Brewpubs with full kitchens can continue to operate for takeout or delivery only, but only a quarter of Nevada’s craft breweries serve full menus, Nevada Craft Brewers Association president Matt Johnson told Brewbound.
“We understand that the governor had to make a tough decision,” he said. “We hope that he will look at how other states have treated our industry so that we get people back to work as soon as possible.”
Johnson estimated that the state’s craft beer industry employs about 5,000 people. He is also the co-founder IMBĪB, which has brewery and taproom locations in Reno and Sparks, Nevada. IMBĪB’s locations operate with snack bar licenses, so they are not included as essential businesses.
Nevada breweries, however, are permitted to keep brewing and selling beer for distribution. The state’s liquor stores are non-essential and closed, but grocery stores sell beer. Johnson said that craft breweries can offer safe locations for beer purchasing to cull crowds at grocery stores.
“We know that alcohol sales at grocery stores have increased significantly during this time, and so we think we can actually help spread people out if we were able to stay open and do safe curbside or home delivery, rather than funneling people into a grocery store,” he said.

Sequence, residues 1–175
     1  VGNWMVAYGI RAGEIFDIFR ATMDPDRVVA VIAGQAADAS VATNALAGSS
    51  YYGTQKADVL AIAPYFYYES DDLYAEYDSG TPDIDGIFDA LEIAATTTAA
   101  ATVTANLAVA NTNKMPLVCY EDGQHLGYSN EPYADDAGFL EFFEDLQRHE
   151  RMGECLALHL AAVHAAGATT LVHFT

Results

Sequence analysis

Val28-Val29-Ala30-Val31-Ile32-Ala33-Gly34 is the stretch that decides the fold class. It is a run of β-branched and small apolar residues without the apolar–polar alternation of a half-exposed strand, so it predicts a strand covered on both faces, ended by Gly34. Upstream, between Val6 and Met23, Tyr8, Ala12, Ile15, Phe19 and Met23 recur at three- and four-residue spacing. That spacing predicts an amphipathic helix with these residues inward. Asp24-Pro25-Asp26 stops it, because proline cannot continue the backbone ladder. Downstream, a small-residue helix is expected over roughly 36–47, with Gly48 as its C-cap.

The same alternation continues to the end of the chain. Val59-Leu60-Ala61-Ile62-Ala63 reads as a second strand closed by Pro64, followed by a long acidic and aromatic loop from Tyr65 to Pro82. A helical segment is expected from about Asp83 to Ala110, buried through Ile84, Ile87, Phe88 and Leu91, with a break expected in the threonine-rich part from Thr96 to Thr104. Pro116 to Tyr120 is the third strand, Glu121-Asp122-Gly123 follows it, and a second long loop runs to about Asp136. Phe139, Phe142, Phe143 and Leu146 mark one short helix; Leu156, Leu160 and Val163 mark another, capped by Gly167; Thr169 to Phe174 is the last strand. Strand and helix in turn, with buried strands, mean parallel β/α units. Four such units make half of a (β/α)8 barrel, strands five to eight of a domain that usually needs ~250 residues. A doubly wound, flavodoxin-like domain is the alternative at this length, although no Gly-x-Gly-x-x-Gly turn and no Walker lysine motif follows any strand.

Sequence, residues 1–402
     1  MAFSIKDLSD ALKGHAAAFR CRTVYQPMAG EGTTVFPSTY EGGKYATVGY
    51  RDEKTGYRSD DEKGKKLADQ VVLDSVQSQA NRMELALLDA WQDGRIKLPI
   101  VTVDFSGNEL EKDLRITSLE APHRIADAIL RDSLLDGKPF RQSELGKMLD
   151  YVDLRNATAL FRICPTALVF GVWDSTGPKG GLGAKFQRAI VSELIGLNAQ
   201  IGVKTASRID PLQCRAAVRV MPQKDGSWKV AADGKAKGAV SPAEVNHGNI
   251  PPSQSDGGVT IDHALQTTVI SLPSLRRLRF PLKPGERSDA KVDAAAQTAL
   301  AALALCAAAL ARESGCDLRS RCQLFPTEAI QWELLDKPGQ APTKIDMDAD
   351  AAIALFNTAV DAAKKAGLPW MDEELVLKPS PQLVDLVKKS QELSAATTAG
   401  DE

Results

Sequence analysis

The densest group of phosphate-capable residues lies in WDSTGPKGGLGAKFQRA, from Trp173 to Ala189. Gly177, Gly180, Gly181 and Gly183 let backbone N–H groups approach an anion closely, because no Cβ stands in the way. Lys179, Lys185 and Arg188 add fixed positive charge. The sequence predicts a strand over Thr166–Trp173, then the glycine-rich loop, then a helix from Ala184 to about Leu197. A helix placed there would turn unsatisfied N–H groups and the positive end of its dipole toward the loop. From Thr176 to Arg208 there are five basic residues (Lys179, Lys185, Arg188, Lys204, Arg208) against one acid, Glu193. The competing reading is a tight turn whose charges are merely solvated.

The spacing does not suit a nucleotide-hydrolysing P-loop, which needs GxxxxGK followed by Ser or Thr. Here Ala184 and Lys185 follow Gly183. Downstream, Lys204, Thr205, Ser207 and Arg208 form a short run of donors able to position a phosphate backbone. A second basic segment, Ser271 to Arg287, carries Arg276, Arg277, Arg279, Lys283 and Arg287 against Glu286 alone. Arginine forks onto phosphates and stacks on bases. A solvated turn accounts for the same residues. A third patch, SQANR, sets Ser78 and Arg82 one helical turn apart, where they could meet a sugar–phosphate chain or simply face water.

The state’s craft beer industry is relatively underdeveloped, compared to the rest of the country. In 2018, the most recent year for which BA data is available, Nevada’s then 43 breweries produced 71,869 barrels, which ranked 40th nationally. Self-distribution is not an option, so Nevada craft breweries rely on distributors and must compete with out-of-state brands for attention. All this has left Silver State craft brewers without political capital.
The Nevada Craft Brewers Association, which has an all-volunteer board of directors, plans to restart conversation with the state government about its members’ non-essential business status, Johnson said.
“We could be keeping people working right now, rather than having more people going on unemployment, and we could do it safely,” he said.
The BA has counseled guilds in states where local governments have hampered brewers’ operating ability, such as in Nevada and in New Jersey, where breweries were briefly barred from making home deliveries. In these situations, the BA leans on CISA’s essential business definition.
“The Homeland Security guidance was extremely helpful to our cause here and was shared with state guilds for their use in situations where states needed persuading,” Pease wrote.
Pease pointed to an instance in Denver where a local government order would have forced breweries and other alcoholic beverage retailers to close. In a panic, shoppers flocked to stores to stock up, violating social distancing norms and proving that people very much want to buy beer in these times.
“While brewers clearly qualify as essential within the context of the current pandemic from a governmental/regulatory perspective, they also continue to play an important role in holding communities together and providing a semblance of normalcy in very uncertain times,” Pease wrote.